Goodbye Oregon! Hello California!
Redwoods – The land of big trees! Last September when we swung through Redwoods National Park we spent the first couple of hours driving around wondering where in the world the park entrance was. It was not until we caved and eventually stopped to ask that we learned that Redwoods is unlike many other parks that have a main entrance station and vistor center. Rather, Redwoods is a conglomeration of National and California State park land and lacks these typical park staples. Now that we were older, wiser, and clued into this good-to-know tidbit we wasted no time and navigated the White Rascal right into the heart of the park for a scenic drive through the Jedediah Smith forest and a hike to the Boy Scout Tree. Surrounded by towering, thousand-year-old trees reaching hundreds of feet into the air and huge, lush ferns carpeting the forest floor it did not take long to forget we were in fact still in the 21st century and not in the land before time about to come face to face with a T-Rex. We reached our destination and all prior thoughts that it was somewhat stupid to hike all this way just to see a tree when we were already in the midst of such giants immediately slipped away. This was a decidedly ENORMOUS tree!
The clouds lifted just in time for dinner overlooking the craggy beach below presenting a very different Redwoods than we had experienced last September in persistent fog. A beautiful sunset to cap off the night was really more than we could ask for, but Redwoods definitely delivered. No complaints here!
A nice lazy morning sleeping in afforded us the opportunity to really express our inner vagrant-selves as we tumbled out of the White Rascal around 11am in a popular parking lot surprising a couple of unassuming hikers. Class acts! Soon after, we were on our way and down to business as we started on our indisputably not busy schedule for the day. A nice little hike to stretch the legs led us to Fern Canyon where we again hiked through thick forests of monster trees and abundant vegetation until we reach the canyon itself. The name did not deceive! It really was a canyon covered in ferns as far as the eye could see. There was a trickle of a creek running through the canyon as well which made for some clever balancing on the occasional rock and log to avoid wet shoes if at all possible. I am happy to report that clearly our Olympic watching paid off as we tapped into our inner gymnast and scored what would be impressive balance beam scores. (Rio 2016!)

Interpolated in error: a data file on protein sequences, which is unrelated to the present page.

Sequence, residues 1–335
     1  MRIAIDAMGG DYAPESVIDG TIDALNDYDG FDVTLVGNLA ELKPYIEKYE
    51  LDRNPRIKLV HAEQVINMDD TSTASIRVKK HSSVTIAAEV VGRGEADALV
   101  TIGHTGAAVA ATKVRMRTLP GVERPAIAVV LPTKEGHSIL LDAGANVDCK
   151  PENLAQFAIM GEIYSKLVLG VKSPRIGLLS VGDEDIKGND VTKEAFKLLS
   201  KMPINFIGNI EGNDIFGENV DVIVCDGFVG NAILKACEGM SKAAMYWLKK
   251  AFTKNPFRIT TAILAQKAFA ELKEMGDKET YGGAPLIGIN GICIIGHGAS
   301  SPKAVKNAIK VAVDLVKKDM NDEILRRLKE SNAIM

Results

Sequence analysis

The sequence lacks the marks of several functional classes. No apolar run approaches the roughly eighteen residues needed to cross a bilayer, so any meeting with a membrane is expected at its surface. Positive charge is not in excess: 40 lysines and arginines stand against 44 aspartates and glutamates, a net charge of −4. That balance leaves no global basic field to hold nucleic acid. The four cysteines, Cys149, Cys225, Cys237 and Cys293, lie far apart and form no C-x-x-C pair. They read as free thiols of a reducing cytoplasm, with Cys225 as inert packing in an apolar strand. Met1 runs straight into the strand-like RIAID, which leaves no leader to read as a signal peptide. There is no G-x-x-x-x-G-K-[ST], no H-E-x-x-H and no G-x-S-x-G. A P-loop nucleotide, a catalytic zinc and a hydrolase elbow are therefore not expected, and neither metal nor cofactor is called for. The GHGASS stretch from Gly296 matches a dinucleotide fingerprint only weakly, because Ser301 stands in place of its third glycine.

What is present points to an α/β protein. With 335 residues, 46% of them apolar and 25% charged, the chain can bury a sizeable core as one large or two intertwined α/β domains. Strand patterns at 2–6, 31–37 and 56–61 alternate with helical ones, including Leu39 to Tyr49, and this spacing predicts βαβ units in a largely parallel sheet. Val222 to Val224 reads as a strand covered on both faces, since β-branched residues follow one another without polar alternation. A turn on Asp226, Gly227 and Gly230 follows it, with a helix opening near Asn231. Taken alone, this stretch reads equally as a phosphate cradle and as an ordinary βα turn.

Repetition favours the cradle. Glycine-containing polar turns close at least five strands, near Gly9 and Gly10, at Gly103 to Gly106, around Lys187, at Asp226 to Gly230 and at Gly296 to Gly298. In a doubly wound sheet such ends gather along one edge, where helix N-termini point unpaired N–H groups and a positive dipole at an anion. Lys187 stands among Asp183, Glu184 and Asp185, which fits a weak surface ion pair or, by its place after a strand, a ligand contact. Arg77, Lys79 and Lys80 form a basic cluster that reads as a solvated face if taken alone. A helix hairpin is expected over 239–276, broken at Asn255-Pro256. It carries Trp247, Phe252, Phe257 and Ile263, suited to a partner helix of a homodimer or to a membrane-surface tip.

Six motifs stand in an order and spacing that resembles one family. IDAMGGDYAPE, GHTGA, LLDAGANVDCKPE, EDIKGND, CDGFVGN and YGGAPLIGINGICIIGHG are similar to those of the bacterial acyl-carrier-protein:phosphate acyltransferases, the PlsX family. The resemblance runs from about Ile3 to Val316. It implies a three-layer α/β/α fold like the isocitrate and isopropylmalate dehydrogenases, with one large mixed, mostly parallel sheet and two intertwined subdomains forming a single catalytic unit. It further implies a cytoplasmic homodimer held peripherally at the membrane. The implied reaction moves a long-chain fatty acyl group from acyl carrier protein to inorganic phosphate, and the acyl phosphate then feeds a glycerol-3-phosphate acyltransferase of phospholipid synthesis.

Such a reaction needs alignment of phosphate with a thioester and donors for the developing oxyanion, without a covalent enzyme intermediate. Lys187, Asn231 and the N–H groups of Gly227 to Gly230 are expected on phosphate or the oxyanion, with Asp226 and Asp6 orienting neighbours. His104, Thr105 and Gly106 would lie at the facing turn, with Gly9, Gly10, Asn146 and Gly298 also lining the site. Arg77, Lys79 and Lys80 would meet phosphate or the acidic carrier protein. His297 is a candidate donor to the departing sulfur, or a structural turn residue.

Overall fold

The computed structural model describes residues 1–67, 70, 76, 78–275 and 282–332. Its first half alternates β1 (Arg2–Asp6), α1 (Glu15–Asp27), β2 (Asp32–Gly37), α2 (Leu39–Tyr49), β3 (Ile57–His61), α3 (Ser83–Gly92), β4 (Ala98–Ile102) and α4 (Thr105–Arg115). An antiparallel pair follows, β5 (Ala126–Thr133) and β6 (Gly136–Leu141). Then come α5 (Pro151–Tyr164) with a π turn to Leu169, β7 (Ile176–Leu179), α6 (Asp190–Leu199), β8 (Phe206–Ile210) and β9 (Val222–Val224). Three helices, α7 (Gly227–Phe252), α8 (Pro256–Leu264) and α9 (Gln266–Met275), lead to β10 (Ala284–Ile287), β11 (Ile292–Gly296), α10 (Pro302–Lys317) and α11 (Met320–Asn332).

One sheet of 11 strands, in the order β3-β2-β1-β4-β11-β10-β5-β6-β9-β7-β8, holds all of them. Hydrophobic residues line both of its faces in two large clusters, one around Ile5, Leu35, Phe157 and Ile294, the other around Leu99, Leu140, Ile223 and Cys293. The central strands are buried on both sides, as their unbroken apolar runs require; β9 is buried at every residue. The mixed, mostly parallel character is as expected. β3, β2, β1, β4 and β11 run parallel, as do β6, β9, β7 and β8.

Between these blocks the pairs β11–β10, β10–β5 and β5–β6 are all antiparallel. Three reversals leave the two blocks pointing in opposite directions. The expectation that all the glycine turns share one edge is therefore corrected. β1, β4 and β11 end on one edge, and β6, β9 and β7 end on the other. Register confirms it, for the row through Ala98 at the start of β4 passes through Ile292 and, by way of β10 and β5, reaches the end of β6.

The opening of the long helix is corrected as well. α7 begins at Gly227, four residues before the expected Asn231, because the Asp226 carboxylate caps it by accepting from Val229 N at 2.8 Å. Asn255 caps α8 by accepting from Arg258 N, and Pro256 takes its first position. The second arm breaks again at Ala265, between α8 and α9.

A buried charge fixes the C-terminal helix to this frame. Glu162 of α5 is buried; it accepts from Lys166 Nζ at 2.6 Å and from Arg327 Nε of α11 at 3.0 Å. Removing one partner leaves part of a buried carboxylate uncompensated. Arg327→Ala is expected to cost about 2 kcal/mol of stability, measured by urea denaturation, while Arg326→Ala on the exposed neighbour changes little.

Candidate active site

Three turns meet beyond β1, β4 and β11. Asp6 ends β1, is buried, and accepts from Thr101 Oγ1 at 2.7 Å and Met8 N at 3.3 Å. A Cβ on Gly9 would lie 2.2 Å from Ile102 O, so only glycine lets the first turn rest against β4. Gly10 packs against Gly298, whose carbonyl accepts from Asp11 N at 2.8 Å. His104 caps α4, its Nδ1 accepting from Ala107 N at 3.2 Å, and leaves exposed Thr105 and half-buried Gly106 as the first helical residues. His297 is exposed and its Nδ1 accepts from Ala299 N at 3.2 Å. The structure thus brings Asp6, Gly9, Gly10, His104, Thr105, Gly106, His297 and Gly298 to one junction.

On our way to find fire wood, we recalled the tacky drive-thru tree we stumbled upon on our last Redwoods venture. It seemed only appropriate that we rinse and repeat. I mean, for only $5 an all-you-can-drive opportunity is a steal of a deal! We got our money’s worth squeezing the White Rascal through the cutout in the trunk of the massive Redwood at least a half dozen times. Jackpot!
A gourmet dinner complete with garlic toast (Caps off to Ron the chef!) on a bridge to nowhere reminded us just how lucky we are to be where we are and be doing what we are doing. The bridge was wiped out by a “river on a rampage” in 1964 during Christmas week, but thanks to the neat architecture a portion was saved and turned into a great historical overlook point/dining room. A toasty fire, a couple of good books, and an oceanside soundtrack marked another night on the books. Life is rich! From here it’s on to the Lost Coast Trail. Guess it’s high tide we get our hands on some maps! (Pun intended.)
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